Tedros Yabio


My name is Tedros Yabio. I want to represent Australia in the World Cup in 2018.

When we came here, most of us Ethiopians we went straight into soccer. We didn’t know any other way to socialise with other countries, like nationalities because we didn’t know how to speak the language. But with soccer we don’t need to know how to speak the language so it was easy for us.

Growing up in Australia I went to more of a multicultural school. There were a lot of different nationalities, so I didn’t find it hard to fit in because everyone was new to the school too, new to the country. So, for me it was pretty easy, because I was a kid it was pretty easy growing up there. I had my brothers and my cousins to help me out, talk and everything.

I had a lot of Australian, Greek and different background friends. It was pretty similar, not much different.

My parents were born in Ethiopia and my older sister, she was born there too, and then they had to move to Sudan because of political reasons.

[Ethiopian] In Ethiopia we were under a socialist rule and there was no democracy.

I come from a really big family, a close family. I’ve got five brothers and three sisters, and so when they moved to Sudan I was born there and my older brothers were born there too, and now we’re all here. My older sister, she ... She had been in Ethiopia. She just moved recently here, and I hadn’t seen her since I was two years old, so I was pretty happy to see her.

My family is close with the Ethiopian community. Because we were from Adelaide, we used to live in Adelaide, and yeah, we used to get invited to festivals so we used to perform.

A couple of times a year there's a festival we attend, Ethiopian festival, which we listen to music, Ethiopian cultural music, traditional music, and dance, and we eat our traditional food and we show off how we are, how Ethiopians are.

When I grew up in Adelaide, it felt like I was in a close Ethiopian community. Then when I came here it felt like everyone had just moved away. Like us as Ethiopians, we’re usually together, but when we came to Melbourne there was so much of Ethiopians that we couldn’t find each other, it was scattered everywhere, so we didn’t really have a cultural understanding when we came here. But when we were in Adelaide we did.

When I was five years old I remember when my older brother was training and me and my two other older brothers, we went and watched, and we wanted to play for them as well, but they said I was too young and I had to wait. I didn’t want to wait, I wanted to play straight away. So I waited around, I waited for two years until I was seven years old and I could join my first club. I remember going to training, looking forward to training once a week, and playing with my brothers at the park all the time, playing mini goals and everything, and I look back now, that’s why I fell in love with soccer, because that’s what we did for a living, we just played. It was enjoyment. We didn’t have to speak this language to understand each other or this kind of way, it was just the ball and that’s it. But back at home it wasn't like that. We wouldn’t be playing soccer. Personally, my dad said, I wouldn’t be playing soccer if I was in Ethiopia. I would have been a farmer like my dad. But lucky I came here to Australia and I fell in love with soccer.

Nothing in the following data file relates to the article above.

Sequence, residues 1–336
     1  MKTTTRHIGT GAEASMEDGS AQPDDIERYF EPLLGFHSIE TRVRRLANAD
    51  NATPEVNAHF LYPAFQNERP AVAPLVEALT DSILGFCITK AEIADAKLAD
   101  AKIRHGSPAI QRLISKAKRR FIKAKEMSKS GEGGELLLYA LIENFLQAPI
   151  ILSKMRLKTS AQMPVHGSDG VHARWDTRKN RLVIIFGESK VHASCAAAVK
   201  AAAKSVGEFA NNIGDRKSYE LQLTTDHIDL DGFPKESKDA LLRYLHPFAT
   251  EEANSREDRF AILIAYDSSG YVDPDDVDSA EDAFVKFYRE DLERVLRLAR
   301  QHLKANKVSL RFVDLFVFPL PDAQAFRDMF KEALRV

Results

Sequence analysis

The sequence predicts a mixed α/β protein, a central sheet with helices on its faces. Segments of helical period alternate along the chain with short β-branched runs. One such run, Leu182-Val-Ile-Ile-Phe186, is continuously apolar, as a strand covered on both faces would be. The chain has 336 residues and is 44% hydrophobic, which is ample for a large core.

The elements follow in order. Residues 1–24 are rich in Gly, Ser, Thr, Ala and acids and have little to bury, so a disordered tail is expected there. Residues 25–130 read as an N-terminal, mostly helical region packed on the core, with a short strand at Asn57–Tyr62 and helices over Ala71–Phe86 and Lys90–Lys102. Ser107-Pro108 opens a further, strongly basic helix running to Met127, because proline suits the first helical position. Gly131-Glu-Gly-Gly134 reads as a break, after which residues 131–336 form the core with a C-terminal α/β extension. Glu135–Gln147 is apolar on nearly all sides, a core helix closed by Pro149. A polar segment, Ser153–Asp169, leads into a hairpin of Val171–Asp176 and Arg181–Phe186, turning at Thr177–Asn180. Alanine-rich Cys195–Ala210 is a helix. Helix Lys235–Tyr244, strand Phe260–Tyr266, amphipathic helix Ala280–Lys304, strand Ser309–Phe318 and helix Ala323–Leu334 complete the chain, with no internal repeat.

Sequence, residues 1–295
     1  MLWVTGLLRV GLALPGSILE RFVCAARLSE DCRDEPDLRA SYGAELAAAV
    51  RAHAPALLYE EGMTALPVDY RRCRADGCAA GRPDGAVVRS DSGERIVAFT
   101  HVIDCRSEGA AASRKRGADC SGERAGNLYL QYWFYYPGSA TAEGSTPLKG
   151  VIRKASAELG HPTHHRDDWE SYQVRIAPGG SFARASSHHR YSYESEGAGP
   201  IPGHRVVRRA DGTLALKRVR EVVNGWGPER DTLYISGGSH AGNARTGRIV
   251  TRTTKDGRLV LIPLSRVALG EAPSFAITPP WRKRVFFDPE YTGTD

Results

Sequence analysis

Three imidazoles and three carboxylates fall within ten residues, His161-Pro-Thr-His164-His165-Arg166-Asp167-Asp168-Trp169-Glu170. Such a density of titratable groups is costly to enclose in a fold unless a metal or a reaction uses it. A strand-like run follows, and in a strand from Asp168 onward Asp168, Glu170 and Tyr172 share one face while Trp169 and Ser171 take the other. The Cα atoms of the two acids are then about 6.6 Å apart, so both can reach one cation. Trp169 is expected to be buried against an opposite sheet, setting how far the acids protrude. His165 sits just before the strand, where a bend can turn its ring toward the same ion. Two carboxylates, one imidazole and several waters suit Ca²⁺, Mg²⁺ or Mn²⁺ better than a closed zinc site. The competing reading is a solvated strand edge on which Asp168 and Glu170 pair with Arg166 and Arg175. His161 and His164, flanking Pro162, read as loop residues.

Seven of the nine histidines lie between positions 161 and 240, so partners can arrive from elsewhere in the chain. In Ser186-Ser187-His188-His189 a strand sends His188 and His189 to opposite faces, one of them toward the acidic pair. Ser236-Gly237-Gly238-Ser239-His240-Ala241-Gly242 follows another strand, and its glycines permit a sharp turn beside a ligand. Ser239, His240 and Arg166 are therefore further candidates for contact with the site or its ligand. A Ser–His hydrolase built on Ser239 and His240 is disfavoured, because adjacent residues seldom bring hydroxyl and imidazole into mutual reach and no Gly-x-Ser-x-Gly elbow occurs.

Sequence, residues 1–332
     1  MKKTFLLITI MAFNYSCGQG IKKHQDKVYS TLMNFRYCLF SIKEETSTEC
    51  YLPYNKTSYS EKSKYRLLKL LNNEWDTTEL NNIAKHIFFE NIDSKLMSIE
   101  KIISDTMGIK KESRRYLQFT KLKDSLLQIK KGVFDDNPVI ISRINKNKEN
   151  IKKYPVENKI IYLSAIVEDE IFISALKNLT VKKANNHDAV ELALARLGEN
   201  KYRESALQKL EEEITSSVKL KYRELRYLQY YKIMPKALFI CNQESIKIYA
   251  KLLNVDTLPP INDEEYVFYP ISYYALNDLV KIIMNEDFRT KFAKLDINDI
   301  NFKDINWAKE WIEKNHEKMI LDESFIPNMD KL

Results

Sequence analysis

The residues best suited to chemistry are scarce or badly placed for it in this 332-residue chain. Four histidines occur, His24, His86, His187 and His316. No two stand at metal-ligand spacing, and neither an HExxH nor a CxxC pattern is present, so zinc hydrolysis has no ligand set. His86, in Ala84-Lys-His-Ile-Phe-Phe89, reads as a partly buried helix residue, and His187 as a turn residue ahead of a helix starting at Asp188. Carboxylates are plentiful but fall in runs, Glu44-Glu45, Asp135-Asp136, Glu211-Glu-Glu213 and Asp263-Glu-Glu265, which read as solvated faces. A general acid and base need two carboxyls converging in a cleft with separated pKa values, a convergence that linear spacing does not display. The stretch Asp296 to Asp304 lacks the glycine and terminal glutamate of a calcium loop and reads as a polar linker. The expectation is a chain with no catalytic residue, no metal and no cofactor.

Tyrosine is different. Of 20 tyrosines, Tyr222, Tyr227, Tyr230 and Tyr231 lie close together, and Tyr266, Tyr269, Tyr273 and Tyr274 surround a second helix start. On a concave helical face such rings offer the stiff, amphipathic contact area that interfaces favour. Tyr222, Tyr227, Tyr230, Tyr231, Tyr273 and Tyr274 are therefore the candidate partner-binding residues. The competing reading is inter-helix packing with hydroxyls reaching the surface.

[Ethiopian] In Australia we support the government and everyone has access to education. In Australia everyone sleeps peacefully.

In a few… like in a couple – two years time – I want to go back to Ethiopia to see where I’m from, because I haven’t really seen it. I was born in Sudan and I moved to Australia, so I haven’t really seen Ethiopia. I just heard about it and my parents told me about it, so I want to go and see where my parents were born, where they were raised.

I want to go back to experience what life it is compared to this. Apparently it's a real eye opener when you go back, and you take life for granted here if you don’t see what's really happening there.

I always consider myself Australian, and when I did represent Australia in the under-17 level I was proud of it. Since I’ve been playing soccer I’ve been able to have a lot of opportunities, moving around, going to different countries and stuff, like Indonesia, Japan or Holland, where the culture might not be the same as here, and so I understood then - when I went there not being able to speak the language – that my parents would have went through the same problems as what I had when I went there. But luckily we had our coaches and stuff to help us along, as did my family – when we moved here we had each other, so it was… I understood how it was back then.

The best memory I have of playing soccer of my life is when I was a little kid, when I was 10 years old. We had to sing the Australian anthem at every assembly, but me, I never used to sing, I always usually say 'what's the point in singing it?' You know? I’m not going to really sing it when I grow up or anything. Then when I was 15 years old, 16 years old, I represented Australia, and we had to sing the Australian anthem, so it's funny how life changes. Everything changes.

About this Video

A story of soccer, Ethiopia and what it takes to feel a link to a national anthem.
Length: 07:20